Before the battle, there was much fear from the Allied side about the Kamikzae bots. They were tough to take down and when detonated, could take out a hero single handed.
They did not. Bot after bot exploded to little effect. One by the one the Japnese dropped. Tsunami, Rikishi, Oni, one by one. A brutal Allied victory, with no losses. A divine Wind, just blowin' the wrong way.Like I said still fun.

Major Victory blasts Oni with his Star Spangled Vision

One thing to change. I based the Japanese sdtats on the figs O painted. They had little in ranged attacks. The suma super alone was designed to take a beating and keep going. But no shooters. So, next time they meet, the Allies will have to face Raiden, master of lightning, a mind flaying geisha, and Rising Sun, solar powered super.

Friday, May 3, 2013


It snowed last night. In May. I mention this because said snow kept most of the Basement Generals home. As I mentioned in an earlier post, I've really been wanting to give Maurice another go, especially run the campaign system with our group. Rather than wait the year it will take those involved to paint armies I went with paper troops to give everyone a feel for the rules and field some troops.
So, rather than getting the whole group together to run through the rules we only had 5. Turns out, that was just right.
The serried paper ranks
We did the whole she-bang. Drew cards for terrain, scouted for advantage and who the aggressor was, and drew Notables. The only thing we didn't use this time was National Advantages.
Based on scouting rolls, Purple was the Aggressor. Their Notable was particularly good at Rallying troops.
Blue was Defender and got a hothead Notable who likes to charge.
The terrain was Plains. Seven pieces were rolled for and placed. The result was pretty open, but still caused problems for the Aggressors. They had a town to take.
The game moved along really fast. Cards were earned and burned. A cavalry force charged and was repulsed. (Have to wear those infantry down first).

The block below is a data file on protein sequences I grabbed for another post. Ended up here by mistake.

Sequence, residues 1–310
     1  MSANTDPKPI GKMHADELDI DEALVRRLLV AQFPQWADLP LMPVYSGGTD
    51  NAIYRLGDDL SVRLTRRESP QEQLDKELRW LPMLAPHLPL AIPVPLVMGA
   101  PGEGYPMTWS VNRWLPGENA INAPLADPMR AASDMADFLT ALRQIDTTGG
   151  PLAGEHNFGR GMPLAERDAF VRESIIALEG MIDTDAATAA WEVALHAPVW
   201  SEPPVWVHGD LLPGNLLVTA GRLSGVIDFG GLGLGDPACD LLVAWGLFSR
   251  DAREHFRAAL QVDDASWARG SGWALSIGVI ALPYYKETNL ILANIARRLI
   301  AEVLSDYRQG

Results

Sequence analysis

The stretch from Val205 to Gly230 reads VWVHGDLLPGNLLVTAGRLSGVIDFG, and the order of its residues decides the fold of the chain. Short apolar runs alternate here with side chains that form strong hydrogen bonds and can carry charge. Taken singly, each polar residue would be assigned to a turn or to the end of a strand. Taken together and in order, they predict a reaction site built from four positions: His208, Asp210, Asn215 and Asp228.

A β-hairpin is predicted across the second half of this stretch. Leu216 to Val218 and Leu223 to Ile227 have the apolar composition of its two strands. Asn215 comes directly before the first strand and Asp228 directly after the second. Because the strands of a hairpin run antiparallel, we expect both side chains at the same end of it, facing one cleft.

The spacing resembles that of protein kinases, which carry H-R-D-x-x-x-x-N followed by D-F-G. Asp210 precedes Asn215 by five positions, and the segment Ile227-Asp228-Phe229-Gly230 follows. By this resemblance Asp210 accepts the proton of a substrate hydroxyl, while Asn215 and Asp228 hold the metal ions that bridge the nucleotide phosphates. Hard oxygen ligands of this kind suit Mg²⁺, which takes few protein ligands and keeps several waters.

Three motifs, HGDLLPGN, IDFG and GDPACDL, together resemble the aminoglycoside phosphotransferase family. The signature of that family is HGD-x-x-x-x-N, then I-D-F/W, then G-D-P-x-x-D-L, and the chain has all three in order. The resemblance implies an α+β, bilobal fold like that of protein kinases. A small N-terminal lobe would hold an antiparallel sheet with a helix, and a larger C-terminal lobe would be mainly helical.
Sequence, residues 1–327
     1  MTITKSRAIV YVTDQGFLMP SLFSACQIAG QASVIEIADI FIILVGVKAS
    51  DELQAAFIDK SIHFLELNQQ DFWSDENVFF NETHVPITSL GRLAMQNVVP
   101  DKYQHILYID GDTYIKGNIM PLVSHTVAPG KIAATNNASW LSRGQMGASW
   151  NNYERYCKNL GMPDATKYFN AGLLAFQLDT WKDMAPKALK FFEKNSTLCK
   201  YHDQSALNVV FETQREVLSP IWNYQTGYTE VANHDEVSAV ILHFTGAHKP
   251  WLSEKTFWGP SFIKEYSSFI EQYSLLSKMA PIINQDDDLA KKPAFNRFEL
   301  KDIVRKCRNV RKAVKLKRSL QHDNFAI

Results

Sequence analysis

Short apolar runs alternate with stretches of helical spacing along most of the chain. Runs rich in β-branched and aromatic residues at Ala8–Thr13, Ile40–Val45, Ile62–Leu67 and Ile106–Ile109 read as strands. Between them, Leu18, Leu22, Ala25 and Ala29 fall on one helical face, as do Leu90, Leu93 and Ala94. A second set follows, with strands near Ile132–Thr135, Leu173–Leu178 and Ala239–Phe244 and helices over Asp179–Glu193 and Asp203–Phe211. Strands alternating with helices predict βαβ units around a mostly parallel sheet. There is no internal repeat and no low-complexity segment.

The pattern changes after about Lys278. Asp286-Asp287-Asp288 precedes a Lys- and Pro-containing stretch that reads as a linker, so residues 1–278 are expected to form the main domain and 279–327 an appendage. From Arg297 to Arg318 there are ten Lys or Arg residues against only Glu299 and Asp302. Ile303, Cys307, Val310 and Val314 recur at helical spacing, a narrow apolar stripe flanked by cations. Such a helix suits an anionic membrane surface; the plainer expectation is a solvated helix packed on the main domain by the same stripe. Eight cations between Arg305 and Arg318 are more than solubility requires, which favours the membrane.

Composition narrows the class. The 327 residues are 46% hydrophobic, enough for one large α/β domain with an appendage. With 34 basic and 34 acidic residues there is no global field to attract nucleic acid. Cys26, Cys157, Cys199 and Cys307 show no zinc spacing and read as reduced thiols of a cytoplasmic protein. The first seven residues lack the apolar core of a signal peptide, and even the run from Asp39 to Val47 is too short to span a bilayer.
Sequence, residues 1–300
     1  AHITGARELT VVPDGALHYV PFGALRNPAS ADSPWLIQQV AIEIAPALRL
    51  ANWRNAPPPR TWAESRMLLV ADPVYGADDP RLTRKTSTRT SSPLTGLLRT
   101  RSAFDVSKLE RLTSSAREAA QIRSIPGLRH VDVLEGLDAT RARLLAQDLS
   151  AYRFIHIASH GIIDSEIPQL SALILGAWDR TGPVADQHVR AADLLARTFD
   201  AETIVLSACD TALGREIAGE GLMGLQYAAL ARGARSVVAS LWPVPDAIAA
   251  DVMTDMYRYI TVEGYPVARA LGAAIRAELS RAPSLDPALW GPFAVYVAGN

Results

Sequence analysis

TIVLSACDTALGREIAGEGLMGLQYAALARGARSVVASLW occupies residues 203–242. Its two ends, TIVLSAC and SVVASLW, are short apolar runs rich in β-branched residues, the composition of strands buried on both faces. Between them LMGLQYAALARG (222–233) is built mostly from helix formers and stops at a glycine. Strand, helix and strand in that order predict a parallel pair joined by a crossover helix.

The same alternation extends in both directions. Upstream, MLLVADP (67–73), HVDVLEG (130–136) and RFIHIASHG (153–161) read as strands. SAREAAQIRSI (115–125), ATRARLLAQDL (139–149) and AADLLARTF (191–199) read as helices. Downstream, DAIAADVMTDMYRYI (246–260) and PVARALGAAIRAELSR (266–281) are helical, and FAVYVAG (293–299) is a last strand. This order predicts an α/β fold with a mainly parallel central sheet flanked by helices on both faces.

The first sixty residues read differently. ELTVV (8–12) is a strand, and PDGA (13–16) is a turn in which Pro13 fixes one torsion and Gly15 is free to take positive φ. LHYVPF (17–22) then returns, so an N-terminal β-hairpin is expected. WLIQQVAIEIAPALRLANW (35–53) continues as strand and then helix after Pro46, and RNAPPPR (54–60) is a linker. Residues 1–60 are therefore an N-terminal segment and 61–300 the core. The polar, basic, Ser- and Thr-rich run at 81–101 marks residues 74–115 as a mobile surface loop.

The infantry in the middle annihilated each other. Here's where the "do I volley?" question was learned. A deck was gone through.
All of the sudden Purple was down to 3 morale points left, and Blue 5. It was late, the weather was getting worse, and we called it.
Love these rules. Can't wait to get some "real" troops on the table. Also has me VERY excited for Longstreet. Until now I have held firm against painting 28mm ACW. But, for how long?

Friday, April 19, 2013

Thursday Night GASLIGHT

I'll let the pictures talk.
The calm before the storm...

British Naval Brigade troops back up the Zouaves.

I think its this way, chaps.

French Marines supported by the Spyder.

L'Roue, American Volunteers and French regular move in from the far right flank.

Lady Hussars face them. Their rifles would prove deadly accurate.

The Electro Cannon is a fricken' sniper. It takes down the the Little Spyder first shot and devastates the infantry opposite.

Here comes the Wheel. Uhlans wait in reserve.


The "brave" marines take a breather in the woods.

German steam. He was a killer last night, too.

Full reverse. Unicycle Uhlans drive L'Roue back.

The Zouave Captain takes on the Steam Tank alone.

The bloodly aftermath
At 10pm we called it. The Anglo-French alliance only really had one funcyioning infantry unit, but 2 contraptions in the fight.
The Germans still held the base, so I called it a minor German victory. Some of the pictures are blurry. Our new war correspondent (the Boy), wasn't used to the camera yet. But at least he was sober.